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violence, or the fear of it, and has continued to exist only because its enemies had not the force requisite to overthrow it. If there is not in the state a power of resistance by two or more of the colliding forces of society, it follows that the most powerful element is in reality the ruling body in the state, and that the other constitutional powers act as feeble checks upon it. They are no longer powers militant, for one is a power triumphant. When such a state of things exists the constitution has lost its vital principle, — the principle of compromise, and exists only by the sufferance of the superior party. They have lost the safeguard against that political degeneration which is caused by the appropriation of public offices and the distribution of public property to serve the purposes of a class. The common desire to avoid such a calamity induces that perpetual jealousy which is so necessary for the maintenance of the constitution, and may excuse a defeated party for crying ruin upon every little reverse of their own. Thus the Reform Bill of 1832, and the Revolution of 1688, were both inveighed against as destructive to the constitution, because they were carried against the wishes of a great political party, and had, therefore, in their eyes, a direct tendency to destroy the equilibrium of counterbalancing powers, though, in effect, they secured that equilibrium, because the defeated party had previously more power than was its share. Thus it is a maxim of practical politics, often in recent times neglected, but never violated without disaster, that not only is a constitutional monarchy the proper, form of government for nations where the chief elements of civilisation opposite but not contrary to each other are simultaneously and equally developed, but also that simultaneous and equal development is necessary for the existence of constitutional monarchy.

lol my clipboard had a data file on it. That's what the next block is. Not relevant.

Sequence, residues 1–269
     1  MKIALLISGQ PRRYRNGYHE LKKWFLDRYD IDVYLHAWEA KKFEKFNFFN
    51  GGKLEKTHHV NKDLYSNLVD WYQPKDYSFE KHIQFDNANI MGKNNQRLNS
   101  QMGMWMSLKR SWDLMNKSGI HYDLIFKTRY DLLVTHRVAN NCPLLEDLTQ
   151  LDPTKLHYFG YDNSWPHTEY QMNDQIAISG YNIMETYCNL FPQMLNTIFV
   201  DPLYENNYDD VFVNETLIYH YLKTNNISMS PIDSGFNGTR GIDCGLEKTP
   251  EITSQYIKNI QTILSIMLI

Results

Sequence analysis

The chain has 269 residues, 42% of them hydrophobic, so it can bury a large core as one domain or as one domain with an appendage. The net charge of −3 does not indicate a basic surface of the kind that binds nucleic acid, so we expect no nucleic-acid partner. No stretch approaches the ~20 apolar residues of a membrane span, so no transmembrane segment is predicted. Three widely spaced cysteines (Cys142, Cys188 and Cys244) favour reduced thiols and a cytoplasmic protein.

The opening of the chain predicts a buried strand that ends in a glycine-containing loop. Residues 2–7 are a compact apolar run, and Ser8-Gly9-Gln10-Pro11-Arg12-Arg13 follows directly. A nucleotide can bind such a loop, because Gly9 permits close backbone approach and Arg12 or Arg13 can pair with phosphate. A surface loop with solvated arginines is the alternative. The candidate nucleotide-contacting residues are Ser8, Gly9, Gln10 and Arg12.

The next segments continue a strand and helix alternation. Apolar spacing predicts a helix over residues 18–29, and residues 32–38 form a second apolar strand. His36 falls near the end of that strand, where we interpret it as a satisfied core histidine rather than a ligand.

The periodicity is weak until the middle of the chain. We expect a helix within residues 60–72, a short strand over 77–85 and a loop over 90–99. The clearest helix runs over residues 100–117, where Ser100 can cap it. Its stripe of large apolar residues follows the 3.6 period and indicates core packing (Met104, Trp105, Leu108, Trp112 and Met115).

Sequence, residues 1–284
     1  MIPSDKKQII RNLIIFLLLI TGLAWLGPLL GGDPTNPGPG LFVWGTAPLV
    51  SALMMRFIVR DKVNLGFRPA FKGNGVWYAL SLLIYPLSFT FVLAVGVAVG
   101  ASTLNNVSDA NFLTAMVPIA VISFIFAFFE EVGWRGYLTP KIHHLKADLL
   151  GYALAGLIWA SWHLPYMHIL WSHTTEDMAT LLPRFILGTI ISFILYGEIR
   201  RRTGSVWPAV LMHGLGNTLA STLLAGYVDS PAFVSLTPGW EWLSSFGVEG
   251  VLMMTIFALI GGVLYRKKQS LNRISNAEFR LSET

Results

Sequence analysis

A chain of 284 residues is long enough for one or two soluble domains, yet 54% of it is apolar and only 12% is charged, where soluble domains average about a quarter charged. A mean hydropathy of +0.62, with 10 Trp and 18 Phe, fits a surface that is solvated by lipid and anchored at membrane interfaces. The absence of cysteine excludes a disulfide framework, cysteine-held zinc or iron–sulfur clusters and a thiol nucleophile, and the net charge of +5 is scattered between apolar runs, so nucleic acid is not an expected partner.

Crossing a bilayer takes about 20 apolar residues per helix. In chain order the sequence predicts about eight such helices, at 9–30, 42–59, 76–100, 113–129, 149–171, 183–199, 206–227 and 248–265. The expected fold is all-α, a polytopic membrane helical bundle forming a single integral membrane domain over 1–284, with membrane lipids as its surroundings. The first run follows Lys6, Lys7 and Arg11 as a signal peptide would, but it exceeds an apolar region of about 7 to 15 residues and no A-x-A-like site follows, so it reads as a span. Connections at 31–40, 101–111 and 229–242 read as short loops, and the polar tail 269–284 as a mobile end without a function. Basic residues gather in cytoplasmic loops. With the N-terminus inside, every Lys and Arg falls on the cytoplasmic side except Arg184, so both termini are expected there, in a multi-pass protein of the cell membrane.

There are three classes of nations in their acme.

1st. Those in which all the social elements proper to that stage of national development co-exist, and where a

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constitutional monarchy gives effect to them, and affords the natural and proper governmental machinery.

2nd. Those in which all the social elements proper to that stage of natural development co-exist, but where there is no constitutional monarchy.

3rd. Where some of these social elements are wanting, and the national development is, therefore, strikingly imperfect.

Of the first, England is the most perfect example. Let us illustrate the second by considering the state of France before the Revolution. There was a powerful monarch ; there was a body of hereditary aristocrats, who had been, and might have continued to be, formidable to the king ; there were industrious, educated, and wealthy traders ; all the materials out of which the English constitution has been formed--all the forces of society whose collision strikes out the bright spark of national splendour; but to the last was denied the political power which their wealth and influence gave them the capacity of forcibly demanding; and the aristocracy, descending to be courtiers, threw the weight of their influence entirely against the populace; and hence, from the simple violation of the principle that the balance of power should coincide with the balance of property, came the Revolution. Now, subsequently, France desired a constitution, and consummated a miserable failure. For the French constitution of 1830 found in that country no body like the peers of England, great territorial potentates, who include in their order the men most distinguished for solid and substantial wealth, and those eminent for high descent, as well as the choicest of those who have been the most illustrious in their generation for personal acquirements ; forming together a compact and distinct body which, by its hereditary rights, is totally independent of the crown. The French aristocracy of 1830 were, on the contrary, altogether deficient in this independent power and honourable prestige. The peerage being for life only, and its possessors incapable of holding


large landed estates, they were necessarily dependent on the crown, and, beyond the power of exercising a constitutional right, their voice carried no weight with it. The consequence was, that all France divided into two parties,

crown and people,—the new phantom aristocracy naturally exercising whatever little power it had for the interest of their sovereign, on whom every peer was in some degree dependent. France, therefore, both before and after the Revolution, supports the proposition, that an incongruity between the form of government and the social elements of the state ends only in disaster. In the one case there was an aristocratical-monarchical government where there should have been a constitution like the English: in the other there was a constitution like the English, where there should have been either a centralised republic or an empire.